Many years ago I had an idea for a series. Posit: a network of human-settled worlds, linked by wormholes, throughout the galaxy. For two worlds to be joined, a wormhole terminus has to be towed there at slower-than-light speeds in a starship, its crew (naturally) in suspended animation for a voyage that takes decades. Each terminus can only link to one other, at the starship’s last port of call. This has been happening for centuries, and human civilisation is now an interwoven web of many worlds and cultures. The frontier of the Expansion is all the worlds that so far have been settled through a wormhole, but have yet to send a starship on to the next world.
Then one day the network goes phut …
Rather, from the point of view of our heroes on a world at the end of one of the lines, their link to the last but one world goes phut. Maybe the whole network shut down, maybe it didn’t – they have no way of knowing (not for years and years, anyway) when they are forced again to rely on lightspeed communication. All they know is that their world is heavily dependent on supplies that come through the wormhole for terraforming, and will become uninhabitable within decades, so the only answer is to get into their ship for the slower-than-light journey back to the last world that will help them re-establish the link.
That would be Book 1.
Book 2, of course, they go on to the next world down the line, and the one after that, and … you get the picture. And other starships will be doing the same thing so sooner or later their paths will cross.
Then I sat down to write the puppy … And decided I really didn’t have time or energy for a series. But I could at least write one book. Meanwhile, I was busy getting married and ghostwriting and all that kind of thing, which on top of not feeling terribly inspired for an actual plot anyway led to a severe case of blockage. I persevered and hammered out a rough approximation of an epic space opera. But I was never really happy with it. I submitted it to my usual publisher, but withdrew it again.
Meanwhile it bubbled away at the back of my mind, and trusted friends were allowed a peek at the work. They all agreed it didn’t work, but their suggestions and my own bubbling led to resolutions. The galactic background that we never actually get to see was too complicated. The fact that it involved two worlds with no connection at all to Earth made it all too remote. And I was still handicapped by the thought that it might be a series so, Trek-like, I was pushing the reset button at the end to damn well make the characters do what I wanted rather than what the story said they should.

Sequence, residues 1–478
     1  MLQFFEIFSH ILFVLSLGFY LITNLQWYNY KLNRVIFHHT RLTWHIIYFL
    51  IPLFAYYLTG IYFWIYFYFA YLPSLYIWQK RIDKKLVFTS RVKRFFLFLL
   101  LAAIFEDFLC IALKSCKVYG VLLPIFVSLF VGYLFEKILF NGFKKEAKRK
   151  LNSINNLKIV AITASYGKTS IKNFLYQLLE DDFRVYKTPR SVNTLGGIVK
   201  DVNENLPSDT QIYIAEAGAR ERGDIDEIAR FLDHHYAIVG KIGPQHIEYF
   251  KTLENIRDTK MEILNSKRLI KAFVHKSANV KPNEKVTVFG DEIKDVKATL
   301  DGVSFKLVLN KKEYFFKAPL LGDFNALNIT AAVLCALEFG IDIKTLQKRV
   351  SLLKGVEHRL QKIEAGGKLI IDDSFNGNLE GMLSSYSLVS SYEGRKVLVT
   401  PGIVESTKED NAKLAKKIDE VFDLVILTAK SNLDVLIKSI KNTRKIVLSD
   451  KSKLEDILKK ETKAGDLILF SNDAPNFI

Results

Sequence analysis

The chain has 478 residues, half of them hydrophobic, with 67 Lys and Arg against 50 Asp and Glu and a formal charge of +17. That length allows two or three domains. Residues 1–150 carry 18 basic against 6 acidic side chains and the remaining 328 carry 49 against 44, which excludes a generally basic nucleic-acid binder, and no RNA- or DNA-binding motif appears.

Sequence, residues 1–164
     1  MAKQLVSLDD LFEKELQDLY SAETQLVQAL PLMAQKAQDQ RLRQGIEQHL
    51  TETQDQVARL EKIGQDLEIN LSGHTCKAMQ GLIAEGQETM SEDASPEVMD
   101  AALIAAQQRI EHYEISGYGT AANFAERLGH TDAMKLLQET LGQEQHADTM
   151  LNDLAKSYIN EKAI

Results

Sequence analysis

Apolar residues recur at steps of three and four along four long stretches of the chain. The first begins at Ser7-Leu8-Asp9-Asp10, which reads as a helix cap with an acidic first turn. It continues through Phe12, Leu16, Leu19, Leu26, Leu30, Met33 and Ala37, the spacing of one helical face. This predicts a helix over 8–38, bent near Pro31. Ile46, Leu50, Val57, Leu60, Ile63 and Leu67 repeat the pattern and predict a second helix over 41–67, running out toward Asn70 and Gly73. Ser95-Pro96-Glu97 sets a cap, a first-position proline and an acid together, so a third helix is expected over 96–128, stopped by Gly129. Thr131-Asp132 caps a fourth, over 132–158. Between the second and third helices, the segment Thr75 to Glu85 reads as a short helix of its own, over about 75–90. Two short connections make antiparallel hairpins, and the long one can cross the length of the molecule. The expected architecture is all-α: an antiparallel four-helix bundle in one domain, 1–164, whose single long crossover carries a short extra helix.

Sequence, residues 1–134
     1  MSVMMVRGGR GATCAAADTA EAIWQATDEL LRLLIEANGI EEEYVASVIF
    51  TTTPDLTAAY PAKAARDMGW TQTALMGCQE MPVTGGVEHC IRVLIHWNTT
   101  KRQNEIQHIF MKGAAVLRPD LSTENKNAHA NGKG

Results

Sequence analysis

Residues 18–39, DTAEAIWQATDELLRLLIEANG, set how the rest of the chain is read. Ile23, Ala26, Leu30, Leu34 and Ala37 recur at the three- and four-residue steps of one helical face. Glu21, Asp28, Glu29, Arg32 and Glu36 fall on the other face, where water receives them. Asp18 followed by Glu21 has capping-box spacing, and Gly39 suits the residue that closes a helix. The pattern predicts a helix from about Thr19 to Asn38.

All this led eventually to a much simpler, streamlined and better novel. Just two worlds, Earth and its first extra-solar colony. Just one starship. Still a big phut. But being able to link this all back to Earth, even the Earth of a thousand years hence, meant much more emotional resonance and a far more satisfying read for the reader. And the characters do what the story wants them to, so it isn’t the contrived, series-friendly ending I was after.
Then I heard that Solaris was looking for Young Adult titles. I have never really thought of any of my science fiction as Young Adult, but the fact is that it how it has been published, so I sent it in. And then withdrew it, because I had something else to send them and the something else was the direction I wanted to go in.
And then, out of the blue a month ago, I got an email to say that the synopsis I had sent in was still somehow in circulation, and they really liked it, and would I be interested in placing it with Solaris as an adult novel?
A grown-up novel by a grown-up publisher, for the first time in my novel writing life. I thought about it for, oh, milliseconds.
And that, boys and girls, is how you will come to be able to read Phoenicia’s Worlds at some point, most likely in the summer, next year. Updates will be posted.
And yes, I am already thinking of a sequel.